In-Store Purchases: Saturday, April 22nd will be our last day of services in Schenectady, NY! So stock up then. Starting the week of April 24th, both our Schenectady location and our Clifton Park location will be closed while we move. We won’t have the ability to sell tea or teaware in either store. If you like to buy from us in-store, you can purchase online instead, or wait until our location is up and running in Clifton Park on May 6th.

New Location Address

1604 Route 9
Clifton Park, NY 12065
518.347.0689

You can keep up to date on our website or check out our Facebook page.

Turmeric – The New Superfood?

Turmeric Tea

Turmeric is a spice commonly associated with Asian and Indian foods. It is traditionally used in curry, and is even used to lend a yellow color to mustards and cheeses. Recently, turmeric has gained attention for its myriad of purported health benefits due to its antioxidant and anti-inflammatory properties.

Turmeric may be another example where science is catching up with ancient medicine. For thousands of years, turmeric was used in traditional Chinese medicine and Ayurvedic medicine to aid digestion and liver function, relieve arthritis pain, for topical applications to treat wounds, and regulate menstruation.

Recent research is focusing on curcumin, a compound produced in the rhizome of the turmeric plant. Curcumin gives turmeric its bright yellow color. It also has many purported health benefits, including antioxidant, anti-inflammatory, anti-cancer and neuroprotective properties. Studies have focused on turmeric’s potential use in treatment of arthritis, high cholesterol, diabetes, Crohn’s disease, stomach ulcers, heart disease, and even depression.

However, the science is not firmly established yet when it comes to turmeric. According to Barbara Delage, a scientist with the Linus Pauling Institute’s Micronutrient Information Center, “claiming that [turmeric] can be useful for humans is premature, given the current evidence.” Delage notes that few good human clinical trials have been completed. In addition, curcumin has poor bioavailability, meaning that very little of the plant compound is actually absorbed by the body.

So while the science catches up with folk medicine, try adding a little turmeric to your diet.

Resources

New Harvest: Organic Silver Tips White Tea

We just received a fresh harvest of Organic Silver Tips White Tea from the Makaibari Estate in India’s Darjeeling district. Check it out, it was a great season this year. View Tea…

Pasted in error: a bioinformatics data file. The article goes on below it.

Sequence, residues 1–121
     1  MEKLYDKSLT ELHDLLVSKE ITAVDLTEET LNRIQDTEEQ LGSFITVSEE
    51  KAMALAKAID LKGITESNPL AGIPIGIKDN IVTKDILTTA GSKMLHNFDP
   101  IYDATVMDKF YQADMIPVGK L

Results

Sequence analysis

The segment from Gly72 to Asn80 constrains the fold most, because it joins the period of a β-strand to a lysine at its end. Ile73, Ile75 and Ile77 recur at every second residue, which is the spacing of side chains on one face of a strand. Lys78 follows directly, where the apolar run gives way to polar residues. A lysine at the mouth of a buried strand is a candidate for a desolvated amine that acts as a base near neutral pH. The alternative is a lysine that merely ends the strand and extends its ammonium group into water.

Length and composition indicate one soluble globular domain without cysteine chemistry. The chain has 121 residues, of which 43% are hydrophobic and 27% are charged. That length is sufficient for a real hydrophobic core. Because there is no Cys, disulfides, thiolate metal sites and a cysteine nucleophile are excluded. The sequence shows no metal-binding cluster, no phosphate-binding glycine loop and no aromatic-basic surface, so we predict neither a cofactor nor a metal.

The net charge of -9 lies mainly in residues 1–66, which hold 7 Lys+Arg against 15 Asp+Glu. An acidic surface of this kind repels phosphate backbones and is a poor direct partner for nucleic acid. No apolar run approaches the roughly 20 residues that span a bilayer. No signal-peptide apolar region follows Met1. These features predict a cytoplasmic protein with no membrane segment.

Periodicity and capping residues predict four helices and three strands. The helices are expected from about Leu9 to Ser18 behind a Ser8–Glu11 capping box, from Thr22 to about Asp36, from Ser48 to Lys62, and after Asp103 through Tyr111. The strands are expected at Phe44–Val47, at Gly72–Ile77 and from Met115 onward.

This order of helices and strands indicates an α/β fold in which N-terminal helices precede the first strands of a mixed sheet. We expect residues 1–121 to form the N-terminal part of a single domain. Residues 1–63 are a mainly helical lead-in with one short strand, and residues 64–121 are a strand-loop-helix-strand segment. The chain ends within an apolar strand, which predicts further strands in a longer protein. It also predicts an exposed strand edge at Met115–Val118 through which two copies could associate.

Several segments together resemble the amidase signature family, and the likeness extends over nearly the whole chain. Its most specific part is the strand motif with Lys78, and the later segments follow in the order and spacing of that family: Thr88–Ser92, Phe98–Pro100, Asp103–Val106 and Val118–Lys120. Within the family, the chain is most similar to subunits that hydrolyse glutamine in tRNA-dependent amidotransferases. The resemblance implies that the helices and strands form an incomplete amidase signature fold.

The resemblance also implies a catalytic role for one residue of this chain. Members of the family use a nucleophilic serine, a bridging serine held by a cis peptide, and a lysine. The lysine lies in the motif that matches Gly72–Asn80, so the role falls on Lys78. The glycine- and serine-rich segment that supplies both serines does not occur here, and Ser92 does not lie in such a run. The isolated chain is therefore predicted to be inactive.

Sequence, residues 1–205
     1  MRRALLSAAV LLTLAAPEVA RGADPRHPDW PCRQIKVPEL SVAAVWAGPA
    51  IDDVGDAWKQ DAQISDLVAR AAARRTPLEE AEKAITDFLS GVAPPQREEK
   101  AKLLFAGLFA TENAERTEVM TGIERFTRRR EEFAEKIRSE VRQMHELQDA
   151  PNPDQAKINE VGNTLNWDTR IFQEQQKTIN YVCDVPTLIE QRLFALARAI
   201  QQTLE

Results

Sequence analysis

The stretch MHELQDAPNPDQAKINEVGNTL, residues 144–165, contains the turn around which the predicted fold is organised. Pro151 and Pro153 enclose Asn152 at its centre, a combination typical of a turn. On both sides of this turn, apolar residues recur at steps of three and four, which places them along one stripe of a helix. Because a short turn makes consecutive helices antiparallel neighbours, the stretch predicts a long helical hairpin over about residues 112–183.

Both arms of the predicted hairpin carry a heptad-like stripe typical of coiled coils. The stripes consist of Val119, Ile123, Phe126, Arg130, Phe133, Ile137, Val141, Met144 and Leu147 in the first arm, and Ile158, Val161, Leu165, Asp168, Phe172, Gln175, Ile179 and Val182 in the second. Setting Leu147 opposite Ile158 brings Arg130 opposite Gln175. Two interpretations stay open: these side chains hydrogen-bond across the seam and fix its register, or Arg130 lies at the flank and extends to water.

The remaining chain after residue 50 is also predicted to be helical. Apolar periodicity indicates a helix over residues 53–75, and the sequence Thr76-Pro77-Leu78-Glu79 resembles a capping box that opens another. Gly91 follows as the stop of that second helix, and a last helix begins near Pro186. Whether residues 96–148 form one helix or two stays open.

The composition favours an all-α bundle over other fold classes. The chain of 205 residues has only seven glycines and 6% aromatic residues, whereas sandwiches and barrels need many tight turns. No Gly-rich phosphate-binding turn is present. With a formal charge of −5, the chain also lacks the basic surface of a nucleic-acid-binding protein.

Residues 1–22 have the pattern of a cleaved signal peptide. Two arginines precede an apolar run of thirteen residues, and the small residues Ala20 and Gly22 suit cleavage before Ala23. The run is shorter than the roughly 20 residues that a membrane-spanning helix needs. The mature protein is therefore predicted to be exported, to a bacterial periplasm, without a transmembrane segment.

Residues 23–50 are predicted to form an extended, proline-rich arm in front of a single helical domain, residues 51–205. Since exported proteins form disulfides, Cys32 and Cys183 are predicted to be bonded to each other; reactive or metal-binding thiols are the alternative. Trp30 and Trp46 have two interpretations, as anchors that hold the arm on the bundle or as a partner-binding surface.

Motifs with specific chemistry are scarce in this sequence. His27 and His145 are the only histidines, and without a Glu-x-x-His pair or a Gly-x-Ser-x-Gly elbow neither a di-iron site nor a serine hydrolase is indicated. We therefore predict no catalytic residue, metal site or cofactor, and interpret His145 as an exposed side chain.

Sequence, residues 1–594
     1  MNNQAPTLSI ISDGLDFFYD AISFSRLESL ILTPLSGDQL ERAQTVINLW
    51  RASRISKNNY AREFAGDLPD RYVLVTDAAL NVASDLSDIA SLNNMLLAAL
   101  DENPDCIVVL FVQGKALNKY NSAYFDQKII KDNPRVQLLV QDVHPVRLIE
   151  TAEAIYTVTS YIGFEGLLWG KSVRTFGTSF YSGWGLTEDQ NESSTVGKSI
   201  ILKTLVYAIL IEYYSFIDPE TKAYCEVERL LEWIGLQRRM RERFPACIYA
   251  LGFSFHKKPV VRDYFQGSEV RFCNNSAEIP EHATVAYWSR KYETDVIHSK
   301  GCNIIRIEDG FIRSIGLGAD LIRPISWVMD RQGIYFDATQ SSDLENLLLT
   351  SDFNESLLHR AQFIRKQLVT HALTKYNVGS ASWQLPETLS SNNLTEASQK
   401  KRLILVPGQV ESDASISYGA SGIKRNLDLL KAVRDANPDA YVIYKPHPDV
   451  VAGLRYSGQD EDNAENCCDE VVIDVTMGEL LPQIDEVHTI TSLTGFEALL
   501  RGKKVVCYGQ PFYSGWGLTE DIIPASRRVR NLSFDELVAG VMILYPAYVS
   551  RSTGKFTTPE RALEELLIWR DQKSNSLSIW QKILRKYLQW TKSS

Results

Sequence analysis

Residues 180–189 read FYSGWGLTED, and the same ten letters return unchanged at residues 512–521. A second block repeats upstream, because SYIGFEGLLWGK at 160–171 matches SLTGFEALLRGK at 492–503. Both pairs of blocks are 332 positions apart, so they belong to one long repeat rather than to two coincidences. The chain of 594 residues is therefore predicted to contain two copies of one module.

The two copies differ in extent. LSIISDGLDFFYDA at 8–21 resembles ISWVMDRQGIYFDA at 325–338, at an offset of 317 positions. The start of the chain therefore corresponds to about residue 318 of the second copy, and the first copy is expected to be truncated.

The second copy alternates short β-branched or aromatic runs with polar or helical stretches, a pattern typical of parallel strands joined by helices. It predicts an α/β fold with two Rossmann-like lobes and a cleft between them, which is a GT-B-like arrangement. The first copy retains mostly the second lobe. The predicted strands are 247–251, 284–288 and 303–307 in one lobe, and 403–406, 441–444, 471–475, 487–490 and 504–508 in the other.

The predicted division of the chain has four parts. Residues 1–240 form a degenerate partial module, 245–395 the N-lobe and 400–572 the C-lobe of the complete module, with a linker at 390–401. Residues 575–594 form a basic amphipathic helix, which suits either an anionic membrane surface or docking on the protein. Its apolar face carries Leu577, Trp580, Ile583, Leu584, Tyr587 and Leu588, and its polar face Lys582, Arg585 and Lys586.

View Tea

Teas for Cold and Flu

what teas are good for cold and flu

Every year a nasty bug makes the rounds in schools, the office, and amongst friends and family. You wash your hands religiously, you wipe down your phone, door handles, and surfaces with disinfectant, and avoid your coughing companions like the plague. Despite your best efforts, you wake up one day with those terrible symptoms: cough, sore throat, runny nose, headache, fatigue etc… You’re sick!

Aside from bedrest, medication, and other practical advice to get over your cold or flu, drinking certain teas may bring relief, and might even help you recover faster.

Green Tea

Green tea contains many beneficial compounds, including epigallocatechin gallate (EGCG) and l-theanine. These compounds have antioxidant, as well as antiviral and anti-inflammatory properties. Drinking green tea throughout the day can not only help you stay hydrated and provide temporary relief to symptoms, it can also help fight the virus itself.

Keep in mind that green tea has caffeine, so don’t drink it too late in the day, or in too great a quantity.

Check out our green teas.

Elderberry Tea

While elderberry is a tasty addition to certain flavored tea blends, it has also been used for hundreds of years to treat respiratory infections.

Tea made from elderberries contains compounds that reduce inflammation in mucous membranes and has antiviral properties. Studies evaluating the effectiveness of elderberry found that participants were able to recover from flu days faster than those who did not consume elderberry.

There are several species of elder, but Sambucus nigra, AKA black elder, is the one used most often for medicinal purposes. Be careful if you are harvesting your own elder; not all elder is created equal. Some species, like dwarf elder, may be toxic. When you buy food with elderberries, it is usually the black elder variety.

Check out our elderberry teas.

Peppermint

Menthol and methyl salicylate, the active ingredients in peppermint, help thin mucous, making peppermint steam an effective decongestant and expectorant. A soothing infusion of peppermint tea may also help relieve a sore throat.

Resources:

Daylight Saving Ends – How To Adjust

Daylight Saving Ends

The clocks turn back one hour at 2am this Sunday, November 1st, 2015. Which means you’ll have an extra hour in bed! While easier to adjust to the end of Daylight Saving, it can still be a little disorienting. Here are some tips to get you adjusted to the change.

1. Control the light